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Wanted: Harry Thompson’s “Hergé and His Creation”

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#1 · Posted: 20 May 2004 00:55
Hi - does anyone know where I can get hold of this book?

Can't find it online anywhere (I'm in the U.K.)


#2 · Posted: 20 May 2004 07:45
It is ridicously rare. I've seen it on ebay.co.uk several times, but no international shipping (I live in Australia) and also the bids get exceptionally high! I've been looking for a copy for ages. My local library has one, but its still being borrowed at the moment, but when they want to sell it, I'm going to buy it.

It's a very good book. As you live in the UK you have a better chance of finding it than me. Look in second-hand bookstores, book collector stalls, places like that.

Sorry I can't help you anymore. (They really should republish it!)

#3 · Posted: 21 May 2004 19:10
I got mine at the beginning of the year from Amazon marketplace for a tenner, but that was the first time I've seen it there. It's fantastic, and yes, they should reprint it.
#4 · Posted: 22 May 2004 22:49
I remember seeing the book in the Tintin shop in Covent Garden in 1992, I had already spent my money on 'Herge and Tintin, Reporters'. Ive never seen it since. I am kicking myself!
#5 · Posted: 22 May 2004 23:40
Hey Rastapopoulos, can you tell me if 'Herge and Tintin reporters' is any good, and worth getting, or at least looking for?

Also, most of the quotes in the Thompson book come from Numa Sadoul's 'interviews with Herge'. Does anyone else think it would be an excellent idea if this was translated into English, preferably by Michael Turner and Leslie Lonsdale-Cooper?(!)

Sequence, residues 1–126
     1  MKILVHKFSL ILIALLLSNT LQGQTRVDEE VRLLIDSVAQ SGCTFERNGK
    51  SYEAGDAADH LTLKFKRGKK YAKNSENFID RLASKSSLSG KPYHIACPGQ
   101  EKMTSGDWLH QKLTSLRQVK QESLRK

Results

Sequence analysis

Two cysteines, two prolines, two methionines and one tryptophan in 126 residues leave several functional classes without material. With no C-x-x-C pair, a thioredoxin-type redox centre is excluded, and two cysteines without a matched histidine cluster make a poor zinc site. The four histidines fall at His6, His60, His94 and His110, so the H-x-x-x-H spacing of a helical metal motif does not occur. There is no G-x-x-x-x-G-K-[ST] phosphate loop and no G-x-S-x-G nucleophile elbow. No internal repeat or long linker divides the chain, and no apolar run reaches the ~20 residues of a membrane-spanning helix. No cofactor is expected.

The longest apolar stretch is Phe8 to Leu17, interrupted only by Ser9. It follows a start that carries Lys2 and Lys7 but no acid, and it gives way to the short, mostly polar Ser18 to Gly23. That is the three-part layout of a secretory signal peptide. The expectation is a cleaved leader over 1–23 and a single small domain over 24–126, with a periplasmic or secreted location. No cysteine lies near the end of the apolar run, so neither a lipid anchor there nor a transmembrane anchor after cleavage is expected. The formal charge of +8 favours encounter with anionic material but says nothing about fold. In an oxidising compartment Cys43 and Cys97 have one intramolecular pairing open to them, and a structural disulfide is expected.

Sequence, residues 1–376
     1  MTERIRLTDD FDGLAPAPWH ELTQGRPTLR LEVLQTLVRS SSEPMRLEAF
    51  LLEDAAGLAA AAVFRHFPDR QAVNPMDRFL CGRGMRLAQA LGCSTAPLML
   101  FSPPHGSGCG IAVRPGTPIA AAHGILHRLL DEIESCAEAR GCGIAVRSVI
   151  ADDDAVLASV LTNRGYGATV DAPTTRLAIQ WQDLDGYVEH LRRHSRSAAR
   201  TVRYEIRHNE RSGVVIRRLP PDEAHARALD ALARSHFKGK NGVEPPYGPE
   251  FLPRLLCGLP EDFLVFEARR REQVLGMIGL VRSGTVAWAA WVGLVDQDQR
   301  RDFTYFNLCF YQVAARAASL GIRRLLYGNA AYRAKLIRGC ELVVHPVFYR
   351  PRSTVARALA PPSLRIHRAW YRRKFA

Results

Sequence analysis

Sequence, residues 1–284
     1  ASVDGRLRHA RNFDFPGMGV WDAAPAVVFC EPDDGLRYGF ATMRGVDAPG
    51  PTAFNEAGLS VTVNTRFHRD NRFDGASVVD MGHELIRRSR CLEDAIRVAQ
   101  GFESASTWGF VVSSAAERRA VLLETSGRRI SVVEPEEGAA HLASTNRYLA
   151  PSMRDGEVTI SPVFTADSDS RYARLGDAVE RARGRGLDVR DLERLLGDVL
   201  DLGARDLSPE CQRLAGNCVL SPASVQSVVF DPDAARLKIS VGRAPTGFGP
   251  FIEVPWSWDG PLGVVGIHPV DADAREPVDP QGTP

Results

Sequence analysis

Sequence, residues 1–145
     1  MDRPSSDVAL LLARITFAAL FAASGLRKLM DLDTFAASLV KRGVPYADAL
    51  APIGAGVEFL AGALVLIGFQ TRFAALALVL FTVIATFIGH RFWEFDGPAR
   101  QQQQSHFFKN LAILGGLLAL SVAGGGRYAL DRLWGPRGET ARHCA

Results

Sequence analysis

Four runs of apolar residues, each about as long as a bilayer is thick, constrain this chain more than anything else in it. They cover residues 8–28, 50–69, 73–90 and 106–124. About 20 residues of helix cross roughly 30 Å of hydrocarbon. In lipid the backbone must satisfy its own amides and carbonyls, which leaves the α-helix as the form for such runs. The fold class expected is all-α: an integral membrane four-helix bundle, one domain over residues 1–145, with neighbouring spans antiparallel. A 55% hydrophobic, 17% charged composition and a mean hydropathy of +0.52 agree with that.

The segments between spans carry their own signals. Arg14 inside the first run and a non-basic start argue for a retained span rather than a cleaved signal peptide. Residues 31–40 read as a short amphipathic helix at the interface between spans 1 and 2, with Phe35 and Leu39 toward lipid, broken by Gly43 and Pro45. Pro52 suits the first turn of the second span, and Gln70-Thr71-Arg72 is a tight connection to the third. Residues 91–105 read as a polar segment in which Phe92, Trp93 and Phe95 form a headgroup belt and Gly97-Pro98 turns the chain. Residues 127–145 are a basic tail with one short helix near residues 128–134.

Of all the French Tintin books unavailable over here this seems to be the most essential.
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#6 · Posted: 23 May 2004 00:20
First the cons: I wrote somewhere else that "Hergé and Tintin: Reporters" can be quite heavy in places:

"There's a lengthy section by a philosopher called Pierre-Yves Bourdil (if I remember correctly) waxing lyrical in the highest possible terms - you might read it once and never again. Plus there's plenty of writing from Raymond Leblanc (Tintin magazine publisher) which can be a little dry. Whether this is just the way it's been written originally or the English translation I'm not sure.
I'm also not sure what to make of the book's structure: the narrative vaguely follows the chronology of the books but it jumps around so much you don't know where you are sometimes. I don't think it's for the casual Tintin fan, more for the seasoned Tintinologist. Philippe Goddin's writing isn't bad but it's generally in 'article' form rather than part of a single narrative." The reproductions taken from the books are also a little mediocre.

But otherwise it's definitely a worthwhile investment if only for the wealth of unpublished material it includes, and some fascinating insights into Hergé's working method and anecdotes of the man himself. If I had neither, I would buy Harry Thompson's book first to get a good overview of the series, and then this. If you can get hold of it, that is - though both of them are now extremely rare I do tend to see Thompson's book around more often.